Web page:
Lately, employees have been winning when they sue over profit-sharing or retirement plans based on company stock that rapidly lost investment value. In the wake of the Enron bankruptcy scandal in 2001, juries sympathized with workers who paid the price for lousy (or illegal).
Now, employers are gaining the upper hand again, as courts recognize that companies are often in a no-win situation when it comes to providing stock information.
Recent case: Steve Harris and other employees sued Amgen for alleged breach of fiduciary duty. They alleged that the company retirement plan wrongly encouraged them to purchase company stock. The value of Amgen stock plummeted after the Food and Drug Administration (FDA) required a strict label warning doctors against using two of the company’s anti-anemia drugs to treat other medical conditions.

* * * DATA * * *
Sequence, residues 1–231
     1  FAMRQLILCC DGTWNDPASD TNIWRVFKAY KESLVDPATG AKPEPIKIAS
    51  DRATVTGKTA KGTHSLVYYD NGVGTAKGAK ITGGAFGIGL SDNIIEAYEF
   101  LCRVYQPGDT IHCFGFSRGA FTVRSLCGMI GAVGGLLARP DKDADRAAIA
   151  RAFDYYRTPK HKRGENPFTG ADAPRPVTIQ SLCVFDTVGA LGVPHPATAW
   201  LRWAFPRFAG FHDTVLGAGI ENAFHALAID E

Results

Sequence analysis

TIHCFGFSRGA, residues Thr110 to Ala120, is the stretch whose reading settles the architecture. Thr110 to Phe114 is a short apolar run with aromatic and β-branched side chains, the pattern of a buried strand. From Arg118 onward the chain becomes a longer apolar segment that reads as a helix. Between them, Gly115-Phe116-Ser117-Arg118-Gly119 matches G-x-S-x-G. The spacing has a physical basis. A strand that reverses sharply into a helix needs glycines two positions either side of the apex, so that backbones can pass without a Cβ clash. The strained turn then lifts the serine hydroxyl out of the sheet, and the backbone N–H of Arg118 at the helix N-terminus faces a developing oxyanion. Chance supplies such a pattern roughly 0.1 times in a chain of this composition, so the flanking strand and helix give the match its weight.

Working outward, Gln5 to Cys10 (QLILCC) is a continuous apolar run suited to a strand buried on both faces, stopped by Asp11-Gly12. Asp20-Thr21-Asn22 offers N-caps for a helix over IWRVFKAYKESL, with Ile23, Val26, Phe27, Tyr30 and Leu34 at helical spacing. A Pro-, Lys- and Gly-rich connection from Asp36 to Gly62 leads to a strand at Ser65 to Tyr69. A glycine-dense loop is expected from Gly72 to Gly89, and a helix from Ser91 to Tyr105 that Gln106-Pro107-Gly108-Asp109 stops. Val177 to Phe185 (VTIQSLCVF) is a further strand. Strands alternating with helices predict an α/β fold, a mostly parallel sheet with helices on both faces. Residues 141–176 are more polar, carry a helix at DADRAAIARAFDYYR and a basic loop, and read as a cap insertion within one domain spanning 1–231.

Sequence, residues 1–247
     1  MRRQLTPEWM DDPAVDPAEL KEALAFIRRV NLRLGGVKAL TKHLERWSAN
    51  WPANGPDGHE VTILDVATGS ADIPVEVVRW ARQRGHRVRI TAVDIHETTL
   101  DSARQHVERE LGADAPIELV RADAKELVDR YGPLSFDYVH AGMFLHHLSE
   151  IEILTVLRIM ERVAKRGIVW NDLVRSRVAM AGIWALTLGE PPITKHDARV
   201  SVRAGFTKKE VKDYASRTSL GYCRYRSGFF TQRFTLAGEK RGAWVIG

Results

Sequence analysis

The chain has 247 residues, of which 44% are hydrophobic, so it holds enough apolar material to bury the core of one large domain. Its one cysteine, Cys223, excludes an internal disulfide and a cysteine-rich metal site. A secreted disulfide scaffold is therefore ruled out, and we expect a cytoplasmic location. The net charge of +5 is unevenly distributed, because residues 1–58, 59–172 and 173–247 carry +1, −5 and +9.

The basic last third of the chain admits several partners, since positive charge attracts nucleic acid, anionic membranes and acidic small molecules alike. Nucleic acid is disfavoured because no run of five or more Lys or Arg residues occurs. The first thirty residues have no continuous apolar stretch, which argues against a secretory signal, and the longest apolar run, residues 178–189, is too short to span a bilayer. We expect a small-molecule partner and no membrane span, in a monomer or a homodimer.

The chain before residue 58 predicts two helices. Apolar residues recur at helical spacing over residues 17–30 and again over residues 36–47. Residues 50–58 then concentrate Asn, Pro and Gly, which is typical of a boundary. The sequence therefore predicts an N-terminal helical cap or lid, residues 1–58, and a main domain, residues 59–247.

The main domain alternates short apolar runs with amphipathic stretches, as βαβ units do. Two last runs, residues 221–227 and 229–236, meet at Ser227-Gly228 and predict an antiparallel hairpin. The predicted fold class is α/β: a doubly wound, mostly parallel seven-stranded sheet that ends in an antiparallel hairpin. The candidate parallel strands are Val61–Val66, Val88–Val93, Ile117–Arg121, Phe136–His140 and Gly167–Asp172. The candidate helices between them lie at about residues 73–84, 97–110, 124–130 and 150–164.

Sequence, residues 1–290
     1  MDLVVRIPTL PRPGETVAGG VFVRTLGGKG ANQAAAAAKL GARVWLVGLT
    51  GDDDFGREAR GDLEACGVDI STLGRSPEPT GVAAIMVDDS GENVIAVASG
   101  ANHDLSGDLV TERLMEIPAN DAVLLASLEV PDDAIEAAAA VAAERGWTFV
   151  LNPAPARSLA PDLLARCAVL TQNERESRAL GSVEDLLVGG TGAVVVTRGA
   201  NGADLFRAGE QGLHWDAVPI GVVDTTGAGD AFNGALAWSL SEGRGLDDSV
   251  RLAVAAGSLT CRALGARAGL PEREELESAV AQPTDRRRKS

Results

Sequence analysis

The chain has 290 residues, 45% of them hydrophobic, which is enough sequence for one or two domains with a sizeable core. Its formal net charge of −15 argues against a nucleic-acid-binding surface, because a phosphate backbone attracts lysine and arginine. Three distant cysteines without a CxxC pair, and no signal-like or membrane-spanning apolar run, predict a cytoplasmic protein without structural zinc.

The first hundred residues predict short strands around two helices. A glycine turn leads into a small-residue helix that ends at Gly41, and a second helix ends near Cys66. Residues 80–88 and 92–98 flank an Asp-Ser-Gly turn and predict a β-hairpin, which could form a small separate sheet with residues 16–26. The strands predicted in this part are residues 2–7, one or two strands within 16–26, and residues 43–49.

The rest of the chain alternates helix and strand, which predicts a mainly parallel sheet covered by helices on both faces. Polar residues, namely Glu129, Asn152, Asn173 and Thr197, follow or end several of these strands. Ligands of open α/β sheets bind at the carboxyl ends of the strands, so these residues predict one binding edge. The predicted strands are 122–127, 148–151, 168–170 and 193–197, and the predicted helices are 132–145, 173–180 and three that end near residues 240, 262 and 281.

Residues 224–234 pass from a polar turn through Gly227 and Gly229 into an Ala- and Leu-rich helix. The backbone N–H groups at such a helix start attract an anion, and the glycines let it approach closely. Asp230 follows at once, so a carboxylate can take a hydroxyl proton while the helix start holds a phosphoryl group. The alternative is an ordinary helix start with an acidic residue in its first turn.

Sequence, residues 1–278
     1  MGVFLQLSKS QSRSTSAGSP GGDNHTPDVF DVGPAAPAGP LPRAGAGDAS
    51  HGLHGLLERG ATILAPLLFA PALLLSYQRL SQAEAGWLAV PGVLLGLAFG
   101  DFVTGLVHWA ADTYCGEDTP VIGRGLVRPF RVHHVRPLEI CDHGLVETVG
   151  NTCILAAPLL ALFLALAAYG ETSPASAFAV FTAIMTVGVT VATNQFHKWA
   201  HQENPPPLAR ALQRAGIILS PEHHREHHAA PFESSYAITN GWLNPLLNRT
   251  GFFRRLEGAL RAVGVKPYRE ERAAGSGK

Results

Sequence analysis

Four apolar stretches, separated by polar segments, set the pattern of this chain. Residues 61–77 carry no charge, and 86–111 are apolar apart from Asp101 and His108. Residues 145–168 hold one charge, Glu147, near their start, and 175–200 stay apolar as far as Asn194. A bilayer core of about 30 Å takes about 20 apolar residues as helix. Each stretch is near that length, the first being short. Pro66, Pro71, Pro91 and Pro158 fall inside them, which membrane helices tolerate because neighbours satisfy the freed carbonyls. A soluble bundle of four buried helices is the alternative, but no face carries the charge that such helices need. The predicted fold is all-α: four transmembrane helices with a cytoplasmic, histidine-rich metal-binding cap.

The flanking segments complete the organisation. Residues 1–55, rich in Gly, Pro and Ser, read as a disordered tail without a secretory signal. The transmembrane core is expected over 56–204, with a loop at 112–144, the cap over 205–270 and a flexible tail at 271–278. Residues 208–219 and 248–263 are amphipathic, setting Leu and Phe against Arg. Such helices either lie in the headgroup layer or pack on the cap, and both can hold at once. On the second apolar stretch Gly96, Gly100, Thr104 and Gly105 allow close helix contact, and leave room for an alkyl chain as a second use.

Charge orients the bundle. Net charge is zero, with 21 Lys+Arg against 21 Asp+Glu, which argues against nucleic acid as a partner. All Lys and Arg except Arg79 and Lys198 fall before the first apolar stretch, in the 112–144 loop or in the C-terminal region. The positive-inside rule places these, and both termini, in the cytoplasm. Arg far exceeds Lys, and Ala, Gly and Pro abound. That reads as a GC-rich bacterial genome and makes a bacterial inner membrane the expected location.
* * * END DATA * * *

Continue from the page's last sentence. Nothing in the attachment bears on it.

The employees claimed that Amgen should have removed company stock from the list of retirement investment options when it learned that unsuccessful drug trials would likely draw the FDA’s attention and provoke the warning.
The court disagreed. It said removing the stock from the list of available investment choices would have been tantamount to insider trading, because only employees would have had the inside knowledge of the problem. Members of the public would have been left in the dark while employees would have benefited from the knowledge. (Harris, et al., v. Amgen, No. 07-5442, CD CA, 2010)